Hello. I am planning to build a vihor tank. Since there are no kits for this tank on the market I ll have to modify the T-72M 1/72 Revell kit or some other. The vihor tank was partially based on soviet T-72. The frame is the same, the number of wheels, the gun and some other smaller parts such as headlights and machine gun on the top of the turret. Other parts are different such as the turret, side rubber skirts, mud fenders, upper plate on the hull and other things. The biggest challenge will be the turret modification and I don't know how to pull that out. I have no experience in scratchbuilding so I ll need a lots of advises. One of my plans was to buy a resin modification set for the M-95 degman tank which is based on vihor but I ll have to cut a lot and still wont have that I need. I ll post you the pictures of vihor and then you'll be able to tell me what to do in order to convert the T-72 tank into this one> THANK YOU IN ADVANCE
  10. Neither of these are the greatest of kits to be honest but there's not a lot of choice in this scale... That'll probably be because they are all repops of the old Crown kit. I'm going to be using these lovely decals from Miniscale.
  11. Test Graham

    Yugoslav Hurricanes - recommended schemes?

    The arrival of the Airfix Mk.I lead me to haul out my Sword and AZ examples for comparison. Both give camouflage schemes. Are either (both or neither) of the kit schemes accurate? I gather these did vary, is there a good single reference source for Yugoslav Mk.Is? I have examples in a number of different books but am wary.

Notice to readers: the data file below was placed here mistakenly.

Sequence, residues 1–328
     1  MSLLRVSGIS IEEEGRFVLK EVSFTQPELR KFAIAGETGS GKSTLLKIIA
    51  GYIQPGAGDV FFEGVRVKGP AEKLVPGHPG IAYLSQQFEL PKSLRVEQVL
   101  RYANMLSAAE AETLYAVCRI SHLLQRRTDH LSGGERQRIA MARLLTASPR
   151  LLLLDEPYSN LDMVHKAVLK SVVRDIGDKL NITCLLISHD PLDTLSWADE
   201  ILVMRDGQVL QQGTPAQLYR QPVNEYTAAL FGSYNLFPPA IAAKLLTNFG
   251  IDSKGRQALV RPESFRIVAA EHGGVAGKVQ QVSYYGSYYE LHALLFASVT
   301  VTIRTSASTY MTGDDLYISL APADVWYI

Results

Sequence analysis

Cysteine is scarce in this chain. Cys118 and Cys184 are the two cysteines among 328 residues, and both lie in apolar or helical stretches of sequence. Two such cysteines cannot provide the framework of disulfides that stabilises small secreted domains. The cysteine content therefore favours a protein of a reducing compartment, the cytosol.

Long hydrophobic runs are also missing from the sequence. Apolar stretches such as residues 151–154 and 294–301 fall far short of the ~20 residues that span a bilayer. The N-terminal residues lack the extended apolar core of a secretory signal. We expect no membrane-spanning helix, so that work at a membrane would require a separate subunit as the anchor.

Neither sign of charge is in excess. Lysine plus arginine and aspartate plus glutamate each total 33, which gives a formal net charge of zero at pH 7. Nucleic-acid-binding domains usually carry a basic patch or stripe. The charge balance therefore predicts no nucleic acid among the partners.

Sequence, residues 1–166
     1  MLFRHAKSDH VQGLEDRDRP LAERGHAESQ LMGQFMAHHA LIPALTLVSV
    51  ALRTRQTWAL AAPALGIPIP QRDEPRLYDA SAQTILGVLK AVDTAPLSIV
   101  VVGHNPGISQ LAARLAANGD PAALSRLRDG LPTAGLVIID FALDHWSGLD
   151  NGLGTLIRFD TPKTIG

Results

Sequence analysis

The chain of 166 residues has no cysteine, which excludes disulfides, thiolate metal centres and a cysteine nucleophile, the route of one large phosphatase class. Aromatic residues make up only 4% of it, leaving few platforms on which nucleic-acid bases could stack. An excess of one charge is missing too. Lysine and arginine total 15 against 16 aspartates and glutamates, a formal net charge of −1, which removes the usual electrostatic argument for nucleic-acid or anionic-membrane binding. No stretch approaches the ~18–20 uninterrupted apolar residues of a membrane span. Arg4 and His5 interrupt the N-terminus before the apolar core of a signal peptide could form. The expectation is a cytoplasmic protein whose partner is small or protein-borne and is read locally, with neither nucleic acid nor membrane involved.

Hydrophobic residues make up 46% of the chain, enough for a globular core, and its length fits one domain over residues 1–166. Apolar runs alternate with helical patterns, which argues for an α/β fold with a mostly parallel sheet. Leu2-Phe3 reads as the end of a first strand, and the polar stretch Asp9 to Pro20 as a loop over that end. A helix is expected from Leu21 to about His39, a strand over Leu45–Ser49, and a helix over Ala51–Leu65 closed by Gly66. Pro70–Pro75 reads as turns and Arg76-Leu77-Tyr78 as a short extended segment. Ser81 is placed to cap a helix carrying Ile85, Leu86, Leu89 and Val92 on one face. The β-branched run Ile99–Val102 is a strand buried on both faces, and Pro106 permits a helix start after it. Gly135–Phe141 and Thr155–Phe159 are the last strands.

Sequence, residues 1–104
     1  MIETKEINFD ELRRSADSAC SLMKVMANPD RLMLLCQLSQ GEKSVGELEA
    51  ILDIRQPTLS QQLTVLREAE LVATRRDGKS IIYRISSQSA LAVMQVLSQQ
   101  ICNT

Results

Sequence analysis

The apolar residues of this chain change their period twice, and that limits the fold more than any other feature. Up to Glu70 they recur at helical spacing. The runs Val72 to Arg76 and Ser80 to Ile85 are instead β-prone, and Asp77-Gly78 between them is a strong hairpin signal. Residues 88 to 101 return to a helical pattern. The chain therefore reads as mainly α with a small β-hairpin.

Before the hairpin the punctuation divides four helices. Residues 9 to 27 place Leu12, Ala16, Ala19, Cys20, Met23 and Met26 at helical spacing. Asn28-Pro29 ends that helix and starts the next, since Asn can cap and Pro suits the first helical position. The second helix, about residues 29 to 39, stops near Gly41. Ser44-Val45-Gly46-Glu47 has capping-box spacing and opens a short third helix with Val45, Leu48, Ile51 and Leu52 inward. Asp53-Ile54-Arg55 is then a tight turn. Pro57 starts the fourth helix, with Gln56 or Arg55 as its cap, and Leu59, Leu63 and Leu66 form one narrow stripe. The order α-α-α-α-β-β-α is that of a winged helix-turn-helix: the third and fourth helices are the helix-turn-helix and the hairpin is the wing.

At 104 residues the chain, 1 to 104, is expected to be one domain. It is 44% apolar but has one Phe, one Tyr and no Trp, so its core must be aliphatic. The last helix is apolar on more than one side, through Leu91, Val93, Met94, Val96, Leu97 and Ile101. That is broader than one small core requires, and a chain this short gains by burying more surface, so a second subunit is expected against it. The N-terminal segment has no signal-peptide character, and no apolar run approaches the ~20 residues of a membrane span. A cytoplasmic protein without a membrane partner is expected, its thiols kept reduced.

12. Revell's BF-109 G-10 painted to represent Ex Luftwaffe Ex Croatian Airforce machine belonging to Yugoslav partisans in April 1945. Built OOB, painted with MM enamels. Markings were obviously masked and painted and are askew on purpose to represent hastily applied field markings. The model is based on the old yugoslav modeling magazine history and profiles on the Me-109 use in YUAF. Thanks for viewing. Seasons Greetings to all.
  13. Here is 'Balthasar' An M36 that was supplied to the JNA (Yugoslav National Army) after WW2. Apparently all they had ever received since then was a change of radio and a coat of paint. Many were taken out of the barracks and used by the various militia during the Homeland War in the 90's. The markings are from the Bison sheet. The paint is Lifecolour 4BO. All added detail was made from Plasticard and wire. Can you work out what the donor kit was? The model was made from the 1/72 Armourfast clip together range as seen here. I hope you like it.